Wall of text!

In my last post I was speaking from a very heart centered place. In the next couple of posts, I’d like to translate some of what I have been learning into more intellectual language. I’d like to start by taking a look at the classical Chinese understanding of the relationship between mind and body.

Spirit–>Mind–>Intentional Mind–>Life force–>Blood–>Body

This flow represents the connection between mind and body in progressively more physicalized, denser form. Spirit informs the mind, mind directs the intention, intention guides life force, life force moves the blood, blood acts on the body. It implies that our existence is an informational stream, whether that information is mental, emotional, or physical. For those of you with a background in Yogic Philosophy, I find this idea very similar to the concept of the five koshas, or sheathes of existence. Most what follows is from my own experience, so it is possible I may veer somewhat from exact definitions. Lets break each segment down:

Shen- Spirit:
Shen represents your innate capacity for connecting with universal love, clear perception (not influenced by past experience), and the interconnectedness of life. In my mind spirit is a universal field which unites all life but but which typically becomes obscured in human experience, for various reasons. Shen in particular refers to the spiritual essence within ourselves that can realize it. It is said to reside deep in the heart. Studies have shown that the electro-maggnetic field of the human heart is many times stronger than that of the brain, and it has been posited that this electromagnetic field serves as a harmonizing priciple throughout the body! No wonder that in eastern thinking, the heart is considered the seat of consciousness.

Xin- Mind

Interestingly, in many Eastern cultures there is little distinction between mind and heart, and indeed this is so in the Chinese understanding. In Dr. J’s language, if the Shen is the emperor, the Xin is castle surrounding him.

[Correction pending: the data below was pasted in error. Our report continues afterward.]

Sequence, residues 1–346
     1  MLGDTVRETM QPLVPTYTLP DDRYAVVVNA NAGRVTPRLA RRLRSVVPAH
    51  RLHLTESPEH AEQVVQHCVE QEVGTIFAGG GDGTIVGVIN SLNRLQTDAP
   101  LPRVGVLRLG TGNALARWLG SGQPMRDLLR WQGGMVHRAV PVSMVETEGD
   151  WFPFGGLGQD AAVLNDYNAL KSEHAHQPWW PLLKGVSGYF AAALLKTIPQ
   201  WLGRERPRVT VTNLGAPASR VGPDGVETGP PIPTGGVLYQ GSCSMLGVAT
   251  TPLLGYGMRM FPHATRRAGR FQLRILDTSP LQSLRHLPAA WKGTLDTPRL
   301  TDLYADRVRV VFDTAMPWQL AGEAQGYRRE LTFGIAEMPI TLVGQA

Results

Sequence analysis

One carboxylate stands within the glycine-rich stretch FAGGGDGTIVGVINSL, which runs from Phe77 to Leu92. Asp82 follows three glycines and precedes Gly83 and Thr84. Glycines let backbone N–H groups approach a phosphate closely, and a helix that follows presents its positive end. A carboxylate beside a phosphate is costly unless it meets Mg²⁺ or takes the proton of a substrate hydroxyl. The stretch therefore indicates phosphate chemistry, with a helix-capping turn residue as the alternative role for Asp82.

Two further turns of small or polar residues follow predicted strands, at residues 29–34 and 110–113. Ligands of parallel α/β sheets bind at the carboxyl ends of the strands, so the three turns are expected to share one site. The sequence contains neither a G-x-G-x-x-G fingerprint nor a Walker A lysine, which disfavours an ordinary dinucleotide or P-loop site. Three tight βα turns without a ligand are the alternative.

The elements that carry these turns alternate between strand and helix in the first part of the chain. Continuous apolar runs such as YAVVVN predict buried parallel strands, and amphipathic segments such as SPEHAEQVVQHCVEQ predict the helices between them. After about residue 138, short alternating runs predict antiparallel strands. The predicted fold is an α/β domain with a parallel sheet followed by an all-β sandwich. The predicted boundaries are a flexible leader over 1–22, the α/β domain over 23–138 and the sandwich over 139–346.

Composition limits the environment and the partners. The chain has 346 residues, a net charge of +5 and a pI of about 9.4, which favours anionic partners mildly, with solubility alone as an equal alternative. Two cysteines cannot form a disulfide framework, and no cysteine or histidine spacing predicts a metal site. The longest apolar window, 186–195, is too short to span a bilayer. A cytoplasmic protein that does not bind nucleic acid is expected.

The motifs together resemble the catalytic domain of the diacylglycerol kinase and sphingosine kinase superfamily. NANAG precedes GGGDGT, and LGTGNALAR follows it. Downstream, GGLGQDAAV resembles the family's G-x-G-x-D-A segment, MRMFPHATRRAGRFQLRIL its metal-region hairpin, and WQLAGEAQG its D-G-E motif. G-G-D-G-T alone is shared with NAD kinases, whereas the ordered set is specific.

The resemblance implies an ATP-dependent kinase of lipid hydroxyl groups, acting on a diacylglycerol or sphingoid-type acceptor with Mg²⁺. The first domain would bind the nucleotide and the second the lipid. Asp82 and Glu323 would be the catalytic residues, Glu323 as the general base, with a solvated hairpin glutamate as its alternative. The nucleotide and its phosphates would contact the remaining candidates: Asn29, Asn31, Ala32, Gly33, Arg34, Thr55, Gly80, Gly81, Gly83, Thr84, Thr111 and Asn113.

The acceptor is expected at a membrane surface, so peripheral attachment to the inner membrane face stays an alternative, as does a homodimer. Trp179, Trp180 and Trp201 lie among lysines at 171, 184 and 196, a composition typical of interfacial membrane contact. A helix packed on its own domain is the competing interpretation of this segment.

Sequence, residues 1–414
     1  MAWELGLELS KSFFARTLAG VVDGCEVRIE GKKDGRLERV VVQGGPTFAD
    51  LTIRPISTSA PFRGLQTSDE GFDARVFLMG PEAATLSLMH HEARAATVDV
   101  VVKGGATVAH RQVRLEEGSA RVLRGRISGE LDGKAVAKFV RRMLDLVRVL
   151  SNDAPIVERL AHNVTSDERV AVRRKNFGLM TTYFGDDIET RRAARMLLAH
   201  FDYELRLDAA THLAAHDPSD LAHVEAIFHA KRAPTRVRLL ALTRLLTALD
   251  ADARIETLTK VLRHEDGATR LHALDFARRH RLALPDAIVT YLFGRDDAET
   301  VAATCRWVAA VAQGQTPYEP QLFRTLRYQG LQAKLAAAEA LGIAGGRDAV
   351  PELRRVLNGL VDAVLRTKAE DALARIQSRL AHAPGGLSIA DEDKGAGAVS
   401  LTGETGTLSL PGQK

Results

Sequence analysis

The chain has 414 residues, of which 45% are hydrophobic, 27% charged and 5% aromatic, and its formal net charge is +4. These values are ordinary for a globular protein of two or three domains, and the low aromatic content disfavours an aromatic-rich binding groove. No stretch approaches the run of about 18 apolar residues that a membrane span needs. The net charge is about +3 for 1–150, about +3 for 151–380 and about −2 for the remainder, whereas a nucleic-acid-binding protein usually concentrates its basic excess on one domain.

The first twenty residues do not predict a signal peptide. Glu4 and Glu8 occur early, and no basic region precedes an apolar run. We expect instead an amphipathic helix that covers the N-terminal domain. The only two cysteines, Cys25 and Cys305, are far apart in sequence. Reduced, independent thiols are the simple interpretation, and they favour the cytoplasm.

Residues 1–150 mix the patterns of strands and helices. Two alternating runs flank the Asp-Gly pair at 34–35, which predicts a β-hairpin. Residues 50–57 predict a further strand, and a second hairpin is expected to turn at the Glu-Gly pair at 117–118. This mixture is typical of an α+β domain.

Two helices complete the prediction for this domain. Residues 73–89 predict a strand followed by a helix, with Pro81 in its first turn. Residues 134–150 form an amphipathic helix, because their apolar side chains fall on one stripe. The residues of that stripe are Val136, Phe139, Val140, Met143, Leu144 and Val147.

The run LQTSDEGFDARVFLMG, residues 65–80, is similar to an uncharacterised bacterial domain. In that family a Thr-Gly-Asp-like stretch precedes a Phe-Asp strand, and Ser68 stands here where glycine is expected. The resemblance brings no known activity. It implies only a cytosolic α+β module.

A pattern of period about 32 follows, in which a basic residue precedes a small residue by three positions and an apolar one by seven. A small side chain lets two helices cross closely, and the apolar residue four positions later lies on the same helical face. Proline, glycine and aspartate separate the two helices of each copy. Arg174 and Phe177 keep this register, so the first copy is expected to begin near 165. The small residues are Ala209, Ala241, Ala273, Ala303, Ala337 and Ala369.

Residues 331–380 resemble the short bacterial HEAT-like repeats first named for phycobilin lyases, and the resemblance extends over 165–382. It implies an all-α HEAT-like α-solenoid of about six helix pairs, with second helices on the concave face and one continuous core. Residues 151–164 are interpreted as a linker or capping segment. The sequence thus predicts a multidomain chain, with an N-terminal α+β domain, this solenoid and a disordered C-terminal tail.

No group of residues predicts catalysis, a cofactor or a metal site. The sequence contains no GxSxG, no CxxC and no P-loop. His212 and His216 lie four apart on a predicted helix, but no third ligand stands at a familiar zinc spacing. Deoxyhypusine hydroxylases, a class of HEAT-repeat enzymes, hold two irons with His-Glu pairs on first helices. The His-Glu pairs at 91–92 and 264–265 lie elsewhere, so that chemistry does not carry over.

In my understanding, the Xin represents our thought-forms (thoughts have forms, isn’t that interesting?!) and sensory impressions that form the fabric of our personality. Really, our personality boils down to a binary language- attachment and aversion. When we have an experience that comes in through the senses, that experience produces a feeling. We may cling to this feeling as a source of identity, always seeking it, or we may reject it as unwanted or ‘not me.’ Thus some feelings become looped as repeated sources of comfort while others are sequestered and walled off, fragmenting us and forming a unique personality in the process. Our thoughts are simply layered on top of these feelings, and the self is what we call this conglomerate. The mind is making these decisions (or not, if you’ve trained yourself) each moment. As we shall soon see, this information is then carried on down the chain into more physical form.
This is why mystical traditions speak of desirelessness and non-attachment. If one can be completely open to the myriad experiences of life, universal love can shine through and your sense of self thins. Buddhist practice in particular works with the mind, reprogramming attachment and aversion into spacious acceptance and love. The mind becomes clear and empty, no longer obstructing spirit, like the sun in a cloudless sky. Spirit can then inform all our actions. This is why in most Buddhist practice no attempt is made to change your state of being– it is all grist for the mill, clouds to be parted.

Yi- intentional mind

The Xin guides the Yi, or intent. What is the Yi? Hmm good question, I’m still working on a full definition. Let’s start by saying its your autopilot– the part of your mind that pulls your hand away from a hot stove, or drives your car seemingly without your attention. When you are stressed, it is the lump in your throat, the way you bite your fingernails, or shuffle your feet aimlessly . The Yi controls the subconscious physiological responses–both postural and deeply internal– formed by the impressions of the mind. Your Yi is the part of your mind that has lifted your shoulders when your yoga teacher tells you to drop them 🙂
It is also the part of the psyche that guides the flow of Qi, or life force. Without training, this process is unconscious in most people. It is the part of the mind we can train through yoga, meditation or taiji to feel the body without the need for sensory stimulation. For this reason I like to call it the ‘feeling mind.’

Qi – life force

Perhaps the most difficult to describe, Life-force. Qi can be felt as a substance of varying densities, but has no real independent form. It is the medium through which the multitudinous processes of life receive their coherence and integrity. It can be seen in the body in the communication between organs systems and tissues, transformative metabolic force, and the warmth and nourishment of the body itself.